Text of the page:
…………..about the kaleidoscope of colour, shape, texture and depth which makes up that most complex of form – humanity.
Like little paint tubes all essentially similar in shape but twisted and bent by human touch, pummelled and pressed and probed till all their colours and hues and textures have been forced out, we humans too have one fundamental shape, one outside appearance. Until our cap is off, our image uncovered, and we start to get squeezed. Then out come all our diversities, our surprises, our delights, and of course those inevitable unpleasantries that are bound to dribble forth, often depending on how we’ve been twisted and bent along the way.
I have a favourite place to observe and experience this smorgasbord of human nature. It’s the Melville Markets early on Sunday mornings. It’s my weekly treat to myself and I look forward to my Sundays with relish. While the rest of the household sleeps, I rise before six and creep out into the fresh, still dawn. Except for a few stalwart figures punishing themselves along the footpaths, the suburbs are quiet and the streets are empty.
then I turn into the Melville shopping centre, and like picking up the remote
and turning on the TV, the scene suddenly comes to life. A hum of lively chatter
accompanies the bustling activity that bubbles and spills into every available
car bay and even at such an early hour I’m lucky to find somewhere to park.
I toss my entry coin into the big charity bucket and my fun begins. Strolling from bay to bay, I peruse the wares, the sellers and the buyers. Currency takes on a different value here. One dollar is like ten. Ten might as well be a hundred.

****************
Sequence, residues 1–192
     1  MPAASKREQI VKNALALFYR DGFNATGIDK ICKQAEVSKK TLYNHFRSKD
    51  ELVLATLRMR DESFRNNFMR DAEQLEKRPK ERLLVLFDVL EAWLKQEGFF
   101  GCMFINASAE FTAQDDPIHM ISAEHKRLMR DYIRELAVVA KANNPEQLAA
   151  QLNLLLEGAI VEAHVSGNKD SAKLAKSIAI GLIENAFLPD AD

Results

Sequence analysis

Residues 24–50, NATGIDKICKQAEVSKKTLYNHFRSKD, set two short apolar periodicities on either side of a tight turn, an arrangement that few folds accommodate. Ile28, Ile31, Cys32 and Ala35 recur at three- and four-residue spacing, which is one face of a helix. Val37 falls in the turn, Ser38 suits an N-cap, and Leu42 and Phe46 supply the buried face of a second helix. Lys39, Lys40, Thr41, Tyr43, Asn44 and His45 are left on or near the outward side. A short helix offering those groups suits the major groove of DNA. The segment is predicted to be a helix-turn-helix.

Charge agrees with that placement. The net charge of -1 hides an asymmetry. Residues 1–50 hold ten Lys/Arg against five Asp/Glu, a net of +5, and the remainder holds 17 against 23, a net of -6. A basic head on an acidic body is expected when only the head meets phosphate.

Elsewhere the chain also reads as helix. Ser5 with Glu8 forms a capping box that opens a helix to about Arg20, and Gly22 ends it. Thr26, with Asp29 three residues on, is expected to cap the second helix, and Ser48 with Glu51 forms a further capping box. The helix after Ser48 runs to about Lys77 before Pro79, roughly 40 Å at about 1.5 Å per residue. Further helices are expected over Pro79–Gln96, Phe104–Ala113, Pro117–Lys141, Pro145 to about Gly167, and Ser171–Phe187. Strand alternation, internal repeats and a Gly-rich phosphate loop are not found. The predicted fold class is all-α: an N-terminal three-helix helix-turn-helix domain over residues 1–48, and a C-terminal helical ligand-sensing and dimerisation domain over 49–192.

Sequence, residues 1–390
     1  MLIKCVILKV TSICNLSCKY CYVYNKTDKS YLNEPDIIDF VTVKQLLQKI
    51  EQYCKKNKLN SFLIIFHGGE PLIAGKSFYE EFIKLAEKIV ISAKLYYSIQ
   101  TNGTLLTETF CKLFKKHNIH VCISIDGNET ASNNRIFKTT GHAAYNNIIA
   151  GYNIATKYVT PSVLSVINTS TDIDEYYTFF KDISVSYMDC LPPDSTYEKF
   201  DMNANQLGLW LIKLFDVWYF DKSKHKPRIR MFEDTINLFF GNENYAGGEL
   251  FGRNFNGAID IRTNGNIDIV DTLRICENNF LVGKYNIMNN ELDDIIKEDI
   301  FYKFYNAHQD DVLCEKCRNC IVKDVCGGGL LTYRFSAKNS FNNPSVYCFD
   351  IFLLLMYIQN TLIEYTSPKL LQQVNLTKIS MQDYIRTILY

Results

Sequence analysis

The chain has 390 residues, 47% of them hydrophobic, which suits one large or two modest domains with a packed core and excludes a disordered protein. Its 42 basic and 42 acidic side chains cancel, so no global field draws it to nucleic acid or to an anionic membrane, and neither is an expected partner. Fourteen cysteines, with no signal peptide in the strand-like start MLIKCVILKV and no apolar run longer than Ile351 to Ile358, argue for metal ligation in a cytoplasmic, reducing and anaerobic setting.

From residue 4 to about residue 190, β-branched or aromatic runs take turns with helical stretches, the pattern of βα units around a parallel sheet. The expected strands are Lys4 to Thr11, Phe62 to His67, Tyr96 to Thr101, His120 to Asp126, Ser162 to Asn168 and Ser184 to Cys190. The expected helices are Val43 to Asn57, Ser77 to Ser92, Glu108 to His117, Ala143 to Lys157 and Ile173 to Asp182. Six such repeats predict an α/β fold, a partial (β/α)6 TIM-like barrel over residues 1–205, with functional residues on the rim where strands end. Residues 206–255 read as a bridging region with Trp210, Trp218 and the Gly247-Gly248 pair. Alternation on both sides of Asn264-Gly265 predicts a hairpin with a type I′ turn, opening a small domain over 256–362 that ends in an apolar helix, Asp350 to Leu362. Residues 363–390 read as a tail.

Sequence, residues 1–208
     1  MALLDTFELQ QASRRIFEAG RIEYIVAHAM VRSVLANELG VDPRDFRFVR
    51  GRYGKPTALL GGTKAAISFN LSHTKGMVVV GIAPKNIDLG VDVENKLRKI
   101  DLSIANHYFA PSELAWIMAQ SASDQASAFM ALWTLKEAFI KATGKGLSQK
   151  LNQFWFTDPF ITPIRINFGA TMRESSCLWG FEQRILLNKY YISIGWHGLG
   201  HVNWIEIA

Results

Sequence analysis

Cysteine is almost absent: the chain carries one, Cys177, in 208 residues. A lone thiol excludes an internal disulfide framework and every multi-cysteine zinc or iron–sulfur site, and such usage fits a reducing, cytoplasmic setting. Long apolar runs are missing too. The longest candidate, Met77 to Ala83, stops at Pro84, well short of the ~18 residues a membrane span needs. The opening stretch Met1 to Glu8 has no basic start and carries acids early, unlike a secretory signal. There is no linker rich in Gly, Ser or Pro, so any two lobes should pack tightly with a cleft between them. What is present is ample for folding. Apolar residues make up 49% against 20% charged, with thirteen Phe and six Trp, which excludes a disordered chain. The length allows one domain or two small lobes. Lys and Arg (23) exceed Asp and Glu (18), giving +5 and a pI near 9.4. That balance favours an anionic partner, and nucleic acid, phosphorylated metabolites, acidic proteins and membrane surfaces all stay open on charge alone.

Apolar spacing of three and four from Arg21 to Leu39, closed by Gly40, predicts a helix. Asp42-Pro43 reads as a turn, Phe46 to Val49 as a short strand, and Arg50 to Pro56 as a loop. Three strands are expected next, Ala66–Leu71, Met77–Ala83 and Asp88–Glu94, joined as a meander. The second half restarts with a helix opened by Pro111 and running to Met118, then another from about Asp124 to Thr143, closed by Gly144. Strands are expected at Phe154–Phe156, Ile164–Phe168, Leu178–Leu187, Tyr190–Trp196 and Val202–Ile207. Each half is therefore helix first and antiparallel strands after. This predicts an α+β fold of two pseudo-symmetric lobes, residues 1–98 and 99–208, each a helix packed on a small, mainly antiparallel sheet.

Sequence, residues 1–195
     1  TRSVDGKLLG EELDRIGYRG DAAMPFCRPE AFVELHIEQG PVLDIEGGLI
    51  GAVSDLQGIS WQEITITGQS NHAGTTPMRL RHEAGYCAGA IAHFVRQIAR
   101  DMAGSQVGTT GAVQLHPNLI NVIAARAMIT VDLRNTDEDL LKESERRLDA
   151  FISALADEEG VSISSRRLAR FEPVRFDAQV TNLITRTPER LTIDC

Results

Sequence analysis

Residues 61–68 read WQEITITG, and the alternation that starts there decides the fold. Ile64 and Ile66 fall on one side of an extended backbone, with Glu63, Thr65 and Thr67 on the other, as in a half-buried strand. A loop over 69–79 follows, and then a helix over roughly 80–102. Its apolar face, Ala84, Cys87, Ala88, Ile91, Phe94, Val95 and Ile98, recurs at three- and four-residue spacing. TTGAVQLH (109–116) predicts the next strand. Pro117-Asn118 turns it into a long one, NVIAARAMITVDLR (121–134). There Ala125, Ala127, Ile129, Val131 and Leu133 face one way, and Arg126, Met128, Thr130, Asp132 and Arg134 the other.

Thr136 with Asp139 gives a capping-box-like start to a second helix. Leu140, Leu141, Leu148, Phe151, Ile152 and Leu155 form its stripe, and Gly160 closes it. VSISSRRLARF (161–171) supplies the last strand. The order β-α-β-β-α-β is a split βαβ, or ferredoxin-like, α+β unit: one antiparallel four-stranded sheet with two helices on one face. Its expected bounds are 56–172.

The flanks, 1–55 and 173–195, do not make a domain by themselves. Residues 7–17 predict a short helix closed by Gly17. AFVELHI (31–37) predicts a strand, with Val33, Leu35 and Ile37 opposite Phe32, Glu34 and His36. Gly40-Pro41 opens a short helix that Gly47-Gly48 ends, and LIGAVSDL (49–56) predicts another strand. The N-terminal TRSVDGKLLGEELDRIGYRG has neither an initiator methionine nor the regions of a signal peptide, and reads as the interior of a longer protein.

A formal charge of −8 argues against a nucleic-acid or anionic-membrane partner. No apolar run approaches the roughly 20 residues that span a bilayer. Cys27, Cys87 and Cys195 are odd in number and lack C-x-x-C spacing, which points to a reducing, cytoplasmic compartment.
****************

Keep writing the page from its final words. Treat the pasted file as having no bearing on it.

Some of the people are fascinating, some not. Some are genuine, some not. Some are kind, some not. But they’re all a confusion of noise and colour, bluster and dazzle, buzz and laughter and joviality - and I love it. There are winners and losers, honest souls and chancers, bargains and bulldust. Some people are selling antiques they think are junk, others are selling junk they hope you think are antiques. I’ve witnessed some colourful quarrelling and some hard-nosed haggling. You get brassy buyers who don’t want a fake and surly sellers who just want their take!
You can furnish a baby nursery, landscape a garden, stock up a toolbox or fill a hundred bookshelves. All you need is an eye for quality, the love of a bargain, and an insatiable intrigue for human nature. You also need trousers with lots of pockets for your glasses your keys and your mobile. Free hands are essential. You need comfortable shoes (also essential) and some cash (just in case).
I often go home with my hands empty and my pockets still full, but last week I got lucky. I found the most awesome William Duffield print. Now there’s a realist artist! The painting is called ‘Autumn Splendor’ and it’s so perfect it makes my teeth tingle.
But, as delightful as the print is, that’s not what I got lucky with. It’s the frame! A magnificent, exquisitely carved metal frame about 100cm2. I got it for a song…. well, no I didn’t, actually, the guy would never have given it to me if I’d had to sing for it, believe me!
Anyway, I cruised home with a big smile, my treasure firmly seat-belted beside me and with my head full of ideas for what I would paint that would suit this gorgeous frame. Then I wondered whether the frame could possibly be an antique. Maybe, maybe not. But then I thought…… What the heck, Lori, by the time you finish a painting for it, it will be!